Did you know that Italy is the second largest European producer of apples? Most of its harvest is used in the production of apple juice and concentrate, leaving almost 30,000 tons of dried materials behind as waste.

Mable, a sustainable Italian textile manufacturer and supplier, has spent the past decade refining its Appleskin technology to create a more sustainable, vegan alternative to leather. This innovative material has proved an appealing option for brands seeking substitute materials in their collections. And Oroton’s just-launched Muse Apple range shows why.

Lightweight, durable and with a matte finish, the apple leather products slot seamlessly into the brand’s signature collection of handbags and wallets.

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“Apple leather is water resistant, and the subtle texture makes the material less prone to show signs of wear and tear from daily use,” says Sophie Holt, Oroton’s creative director. “The materials used to make the range, including the linings, main material and glue, are all plant-based”.

The heritage Australian brand, like many, is on a sustainability journey. “Our customer is always front of mind. With each collection we want to ensure that we are not only meeting their passions and interests by providing alternative options, but continuing to deliver inspired pieces that also focus on quality and longevity,” Holt says.



Longevity is a word that gets thrown around a lot when it comes to making investment purchases. But have you ever thought about what will happen to your handbag in 300 years? This is a question that keeps Jessie Wong awake at night.

For the founder of New Zealand-based label Yu Mei, sustainability is the starting point of each and every business decision. After being introduced to deer nappa leather while studying in Dunedin, Wong developed an affinity for the supple material and learned how to sew with it. The skins – a venison industry by-product that would otherwise become landfill – have the perfect collagen and protein structure to tan into leather.

“From a design standpoint, all Yu Mei bags have functionality, utility and a practical sense baked into them,” she says. “And deer nappa is such a soft, beautiful, luxurious but also long-lasting material to work with.”

The brand has built a steadfast following for its draping totes, structured crossbodies and perfectly petite mini bags. And Wong believes that being able to carry your laptop, lunch and basically everything but the kitchen sink to work or university is just as important as being able to dance hands-free until dawn. “Yu Mei bags are not driven by trends,” she says. “Most customers start with a larger bag and then build up their set. Our new product development is more focused on the trajectory of meeting our customers’ daily needs”.

Listening to customers is super important to Wong. “We’ve always had a very open dialogue – we call them Club Yu Mei – and they are a very vocal, active fan base,” she says. The question of vegan alternatives has popped up a number of times, and Wong and her team made an effort to do their research before answering.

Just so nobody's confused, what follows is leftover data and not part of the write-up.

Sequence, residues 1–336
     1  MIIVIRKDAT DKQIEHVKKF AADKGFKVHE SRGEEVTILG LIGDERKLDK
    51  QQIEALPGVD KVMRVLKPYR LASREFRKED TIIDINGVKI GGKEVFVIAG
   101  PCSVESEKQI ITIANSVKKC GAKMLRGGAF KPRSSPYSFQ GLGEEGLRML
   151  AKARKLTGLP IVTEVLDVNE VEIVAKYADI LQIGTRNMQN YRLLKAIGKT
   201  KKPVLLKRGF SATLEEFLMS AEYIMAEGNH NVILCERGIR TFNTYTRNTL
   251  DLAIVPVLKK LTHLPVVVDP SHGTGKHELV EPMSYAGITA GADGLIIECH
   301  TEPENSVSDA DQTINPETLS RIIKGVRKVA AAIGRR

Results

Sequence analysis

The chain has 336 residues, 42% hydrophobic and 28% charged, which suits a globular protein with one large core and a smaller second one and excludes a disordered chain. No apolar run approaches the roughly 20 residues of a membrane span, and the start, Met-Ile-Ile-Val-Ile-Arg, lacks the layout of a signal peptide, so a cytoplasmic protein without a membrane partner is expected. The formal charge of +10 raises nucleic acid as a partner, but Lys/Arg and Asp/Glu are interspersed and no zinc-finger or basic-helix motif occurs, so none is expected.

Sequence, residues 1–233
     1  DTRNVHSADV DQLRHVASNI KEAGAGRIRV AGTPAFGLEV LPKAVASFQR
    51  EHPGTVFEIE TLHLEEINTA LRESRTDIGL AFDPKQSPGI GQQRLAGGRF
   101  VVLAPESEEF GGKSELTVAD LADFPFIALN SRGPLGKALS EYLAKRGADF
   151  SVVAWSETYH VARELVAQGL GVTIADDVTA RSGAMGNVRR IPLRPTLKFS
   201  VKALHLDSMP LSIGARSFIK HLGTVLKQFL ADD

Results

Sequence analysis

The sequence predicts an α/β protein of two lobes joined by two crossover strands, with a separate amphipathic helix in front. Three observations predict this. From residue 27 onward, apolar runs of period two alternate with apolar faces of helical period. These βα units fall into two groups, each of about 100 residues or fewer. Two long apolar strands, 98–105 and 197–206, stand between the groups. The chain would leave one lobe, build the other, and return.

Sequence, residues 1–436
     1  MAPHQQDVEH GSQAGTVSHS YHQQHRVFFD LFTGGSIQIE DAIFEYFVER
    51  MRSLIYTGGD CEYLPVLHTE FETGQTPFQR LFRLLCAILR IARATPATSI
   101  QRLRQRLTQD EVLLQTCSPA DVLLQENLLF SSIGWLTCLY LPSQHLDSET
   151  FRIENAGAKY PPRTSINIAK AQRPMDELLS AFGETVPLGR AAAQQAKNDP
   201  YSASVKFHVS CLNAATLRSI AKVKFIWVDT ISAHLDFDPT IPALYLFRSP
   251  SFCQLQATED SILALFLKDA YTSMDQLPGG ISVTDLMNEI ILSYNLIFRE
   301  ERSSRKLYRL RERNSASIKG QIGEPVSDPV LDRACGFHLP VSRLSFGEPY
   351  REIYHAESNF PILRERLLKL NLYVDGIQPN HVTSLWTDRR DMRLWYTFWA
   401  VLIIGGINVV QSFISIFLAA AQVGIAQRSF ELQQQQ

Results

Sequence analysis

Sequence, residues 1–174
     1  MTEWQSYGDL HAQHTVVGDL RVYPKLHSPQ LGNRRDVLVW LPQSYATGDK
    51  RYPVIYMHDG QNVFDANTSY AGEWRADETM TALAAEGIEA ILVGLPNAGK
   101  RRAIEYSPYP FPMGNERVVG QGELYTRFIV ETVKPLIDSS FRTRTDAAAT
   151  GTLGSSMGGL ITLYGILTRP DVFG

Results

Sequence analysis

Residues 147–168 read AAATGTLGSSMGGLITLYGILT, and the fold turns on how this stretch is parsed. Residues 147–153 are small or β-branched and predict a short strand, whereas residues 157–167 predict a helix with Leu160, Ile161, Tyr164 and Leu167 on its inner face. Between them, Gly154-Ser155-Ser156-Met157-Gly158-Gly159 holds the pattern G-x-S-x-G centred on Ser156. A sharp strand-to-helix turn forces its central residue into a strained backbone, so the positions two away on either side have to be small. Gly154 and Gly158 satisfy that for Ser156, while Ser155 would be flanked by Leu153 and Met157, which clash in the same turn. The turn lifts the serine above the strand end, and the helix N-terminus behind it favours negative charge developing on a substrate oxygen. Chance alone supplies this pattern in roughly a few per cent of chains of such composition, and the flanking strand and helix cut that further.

“We looked at vegan options and spoke to various manufacturers and then shared what we learned back with our followers,” she says. “Ultimately, I think you have to look at sustainability holistically and weigh up all the factors at play. What is the water consumption? Is it a plastic? After evaluating what mattered most to me, deer nappa is the best option for Yu Mei to use at the moment. That includes working with certified tanneries that are well managed and chrome-free”.

Provenance is one pillar of the brand’s regeneration statement, but stewardship and care are just as important. It offers a care education program, and sells a conditioning balm and protector spray. “We offer that knowledge [for product care] but we also incentivise it with a buyback program. The better you look after your bag during its life with you, the more credit you will receive for a new purchase. We think that the end of your journey with a bag is not the end of the bag’s journey.”

The buyback bags, as well as one-off pieces made from scrap leathers and leftover hardware, are sold during a once-a-year archive event. In 2022, there was a queue of some 30,000 people to shop the digital sale.

But where a bag ultimately ends up at the end of its life is a problem that has not yet been solved by the industry. “We’re undertaking research to look at the compostability of leather, but in order to do that you have to make changes at earlier stages in the process,” Wong says.



Continually evolving practices is also key for fellow Kiwi brand Deadly Ponies. “Quality, ethically sourced leather is what Deadly Ponies is known for, but we don’t want to stay stagnant in our investigation process,” founder and designer Liam Bowden says.

The brand’s newest collection of cactus leather pieces comes after years of searching for a viable alternative material. “Our cactus leather is a man-made material sourced from an organic cactus plantation, a by-product of the pharmaceutical industry. Only the mature leaves are harvested to ensure sustainable plant regeneration. They are then sun-dried and moved to our tanning facility,” Bowden says.

The cactus pieces will naturally wear differently to traditional leather, but they have better resistance to UV light, water and more recyclability options. “Our key objective was to create an alternative option for our classic range without compromising on the iconic buttery texture we’re known for. We found that cactus leather was the perfect long-lasting balance of soft and sustainable,” Bowden says.

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